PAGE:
A special message to readers

January 01, 2000|By Michael E. Waller | Michael E. Waller,SUN PUBLISHER

The beginning of a new century seems to be a proper time to start a new tradition: an accounting to our readers of The Sun's performance over the past year.

Publishing a newspaper is a public trust, one that we've taken seriously since our founding on May 17, 1837. Our mission is to cover the news without fear or favor and our duty is to do it by seeking the truth with honesty, accuracy, fairness and courage.

We're proud of our journalism and believe fanatically in our obligation to protect all ideas -- especially unpopular ones -- and to keep you informed so that you can participate wisely in the civic life of your communities.

That's what democracy is all about, and one of our fundamental duties is to be a beacon for democracy. Thomas Jefferson, our third president, expressed it this way back in January 1787. In writing a letter to a friend, he said that if he had to decide "whether we should have government without newspapers, or newspapers without government--," he would choose newspapers.

Stories prod action

While we are proud of our accomplishments, we must acknowledge some failings, which we are hard at work to correct.

Some of our best stories have prodded public officials to take action. Here are a few examples:

* "Charlie Squad," a four-part series reported by Todd Richissin and photographed by Andre Chung, described a state-run boot camp in Western Maryland for juvenile offenders, where guards constantly beat the young inmates, making it perhaps the most violent camp in the country. Reaction to the series was swift. Top state officials were fired, camps were closed, and various government agencies began investigations.

* Reporter Jim Haner's exposs described how drug dealers have become slum landlords to launder their illicit money and how they have harmed the health of hundreds of people, especially children, in Baltimore's neighborhoods. State legislators and new city administration leaders acted swiftly to start addressing these abuses.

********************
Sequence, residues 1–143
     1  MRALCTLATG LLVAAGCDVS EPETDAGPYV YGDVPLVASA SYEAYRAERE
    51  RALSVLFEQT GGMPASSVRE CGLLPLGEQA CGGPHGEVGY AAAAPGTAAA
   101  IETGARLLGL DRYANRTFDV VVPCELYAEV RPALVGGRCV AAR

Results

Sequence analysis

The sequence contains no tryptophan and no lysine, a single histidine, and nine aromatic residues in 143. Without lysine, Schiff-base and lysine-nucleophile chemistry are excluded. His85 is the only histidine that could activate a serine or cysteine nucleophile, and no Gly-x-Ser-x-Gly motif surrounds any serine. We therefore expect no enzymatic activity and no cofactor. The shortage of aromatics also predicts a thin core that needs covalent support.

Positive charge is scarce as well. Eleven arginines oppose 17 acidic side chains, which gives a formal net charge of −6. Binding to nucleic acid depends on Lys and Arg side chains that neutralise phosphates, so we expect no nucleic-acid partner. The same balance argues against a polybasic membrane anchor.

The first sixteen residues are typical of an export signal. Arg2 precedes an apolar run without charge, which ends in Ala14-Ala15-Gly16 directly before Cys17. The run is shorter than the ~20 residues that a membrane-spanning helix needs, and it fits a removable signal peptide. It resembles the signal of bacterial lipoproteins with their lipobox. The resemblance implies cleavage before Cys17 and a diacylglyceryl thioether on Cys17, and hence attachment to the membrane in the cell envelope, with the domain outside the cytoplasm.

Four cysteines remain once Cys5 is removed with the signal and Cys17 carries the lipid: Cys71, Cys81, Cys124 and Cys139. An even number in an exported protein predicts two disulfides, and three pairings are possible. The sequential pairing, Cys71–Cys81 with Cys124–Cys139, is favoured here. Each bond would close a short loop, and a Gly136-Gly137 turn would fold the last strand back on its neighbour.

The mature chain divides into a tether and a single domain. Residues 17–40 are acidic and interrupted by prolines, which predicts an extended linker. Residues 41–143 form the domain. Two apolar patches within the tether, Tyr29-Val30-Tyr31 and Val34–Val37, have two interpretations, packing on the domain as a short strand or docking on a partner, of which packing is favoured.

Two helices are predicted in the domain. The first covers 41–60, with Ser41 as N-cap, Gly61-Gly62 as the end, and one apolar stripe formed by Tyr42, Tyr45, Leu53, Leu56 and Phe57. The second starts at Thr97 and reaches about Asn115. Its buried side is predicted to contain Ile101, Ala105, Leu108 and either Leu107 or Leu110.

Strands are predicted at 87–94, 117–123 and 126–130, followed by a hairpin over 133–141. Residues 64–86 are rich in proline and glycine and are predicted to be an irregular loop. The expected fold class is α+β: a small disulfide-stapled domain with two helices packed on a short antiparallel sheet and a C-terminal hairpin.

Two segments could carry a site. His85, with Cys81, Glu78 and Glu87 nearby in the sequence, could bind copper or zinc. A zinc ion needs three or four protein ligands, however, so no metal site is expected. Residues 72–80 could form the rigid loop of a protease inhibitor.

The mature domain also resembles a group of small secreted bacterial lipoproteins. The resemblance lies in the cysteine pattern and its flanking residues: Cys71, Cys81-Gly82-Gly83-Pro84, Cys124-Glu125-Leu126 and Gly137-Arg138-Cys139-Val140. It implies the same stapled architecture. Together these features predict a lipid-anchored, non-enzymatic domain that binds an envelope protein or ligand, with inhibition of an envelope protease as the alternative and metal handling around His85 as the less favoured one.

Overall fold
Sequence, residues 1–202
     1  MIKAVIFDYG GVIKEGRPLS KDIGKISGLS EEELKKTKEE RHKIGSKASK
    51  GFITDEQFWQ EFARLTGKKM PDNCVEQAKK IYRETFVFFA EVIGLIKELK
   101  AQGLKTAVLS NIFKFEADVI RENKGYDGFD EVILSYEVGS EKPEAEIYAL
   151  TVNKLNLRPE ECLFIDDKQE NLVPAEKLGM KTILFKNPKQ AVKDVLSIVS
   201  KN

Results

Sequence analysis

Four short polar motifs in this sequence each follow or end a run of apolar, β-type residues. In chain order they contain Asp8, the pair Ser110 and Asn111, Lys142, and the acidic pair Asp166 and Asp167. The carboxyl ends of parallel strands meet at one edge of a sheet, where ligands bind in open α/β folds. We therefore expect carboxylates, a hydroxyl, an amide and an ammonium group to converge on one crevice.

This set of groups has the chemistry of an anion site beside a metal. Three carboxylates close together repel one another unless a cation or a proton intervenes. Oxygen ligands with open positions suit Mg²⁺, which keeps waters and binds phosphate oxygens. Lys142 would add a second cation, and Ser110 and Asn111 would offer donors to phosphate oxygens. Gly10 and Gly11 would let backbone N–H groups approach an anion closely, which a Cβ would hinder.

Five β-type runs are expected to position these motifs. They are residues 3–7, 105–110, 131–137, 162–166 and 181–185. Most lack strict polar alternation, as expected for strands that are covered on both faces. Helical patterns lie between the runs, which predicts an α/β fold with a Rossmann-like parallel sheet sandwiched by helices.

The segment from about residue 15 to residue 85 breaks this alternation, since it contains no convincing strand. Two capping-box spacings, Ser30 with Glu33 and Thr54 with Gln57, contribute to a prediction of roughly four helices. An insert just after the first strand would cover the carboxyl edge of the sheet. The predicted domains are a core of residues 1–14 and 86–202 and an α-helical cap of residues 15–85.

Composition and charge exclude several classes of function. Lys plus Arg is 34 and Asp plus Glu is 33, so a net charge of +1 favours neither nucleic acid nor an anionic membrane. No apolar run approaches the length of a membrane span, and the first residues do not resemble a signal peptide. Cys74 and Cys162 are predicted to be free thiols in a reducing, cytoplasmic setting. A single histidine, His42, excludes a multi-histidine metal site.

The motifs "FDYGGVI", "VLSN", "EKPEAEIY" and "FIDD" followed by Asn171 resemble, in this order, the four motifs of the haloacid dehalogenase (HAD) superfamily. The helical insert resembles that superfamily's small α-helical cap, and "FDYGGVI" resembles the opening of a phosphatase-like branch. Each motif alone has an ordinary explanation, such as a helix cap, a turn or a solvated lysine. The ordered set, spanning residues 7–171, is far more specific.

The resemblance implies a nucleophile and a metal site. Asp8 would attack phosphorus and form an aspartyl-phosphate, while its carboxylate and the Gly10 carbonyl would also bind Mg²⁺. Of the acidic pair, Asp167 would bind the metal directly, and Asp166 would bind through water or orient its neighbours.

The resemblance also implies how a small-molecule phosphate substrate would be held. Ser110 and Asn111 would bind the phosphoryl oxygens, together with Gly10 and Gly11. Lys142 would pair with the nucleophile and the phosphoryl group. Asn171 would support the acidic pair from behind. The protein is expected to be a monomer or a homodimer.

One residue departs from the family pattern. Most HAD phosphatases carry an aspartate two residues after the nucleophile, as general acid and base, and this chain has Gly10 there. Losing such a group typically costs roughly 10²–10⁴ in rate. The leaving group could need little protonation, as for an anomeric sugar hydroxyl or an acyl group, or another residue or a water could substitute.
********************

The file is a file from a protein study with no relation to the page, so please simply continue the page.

* Reporter John O'Donnell's stories about "flipping" uncovered a real-estate fraud in which unscrupulous property owners and appraisers bilk unsophisticated buyers by inflating the value of ramshackle homes. One result of the stories is that the city lowered property taxes totaling nearly $1 million for these over-valued properties.

* Reporters Dan Fesperman's and Kate Shatzkin's series detailed the plight of American chicken farmers, who are being squeezed so hard by some giant processing companies that they are in danger of becoming 21st century serfs. Congress opened hearings on the matter.

* Reporters Caitlin Francke's and Scott Higham's stories showed the slow, inefficient and contorted justice being dispensed in the overworked Baltimore City criminal justice system. Officials responded with various reforms.

* Reporter Greg Schneider's detailed examination of the development of the F-22 Raptor demonstrated that the Pentagon and the Air Force deliberately understated by millions of dollars the costs of the plane so they could secure approval of it. In House hearings, the series was widely quoted.

* Editorial writer Antero Pietila's bold, incisive two-page editorial, "Getting away with murder," dissected the reasons for Baltimore's intractable murder rate, which remains stubbornly high at a time when other large cities have reduced violent crime dramatically. Gov. Parris Glendening subsequently pledged $3 million to help solve backlogs in the courts and to implement changes.

In short, it's been a terrific year for The Sun, capped off by the Columbia Journalism Review naming the newspaper one of the top ten in America. Earlier this year, the National Press Foundation named The Sun's editor, John Carroll, Editor of the Year for 1998. The Society for News Design named only The Sun and one other American newspaper, the New York Times, as among the World's 17 Best Designed Newspapers. And KAL, editorial cartoonist Kevin Kallaugher, was the recipient of the Overseas Press Club's Thomas Nast Award for best cartoons on foreign affairs.

It's also been a year in which our industry, including our sister paper the Los Angeles Times, has come under criticism for a lack of commitment to journalistic integrity. As a former editor and a newspaper man for 39 years, let me assure you that The Sun's newsroom and editorial departments operate independently from any internal or external forces. No one, including The Sun's business departments, advertisers or our owner, Times Mirror, influences our news coverage or editorial opinions. Newsroom decisions are based solely on what the editors believe is important and interesting to you -- the readers. Nothing is more important to us than journalistic integrity and independence. If the newseditorial mission and commercial interest collide, editorial integrity will always come first.

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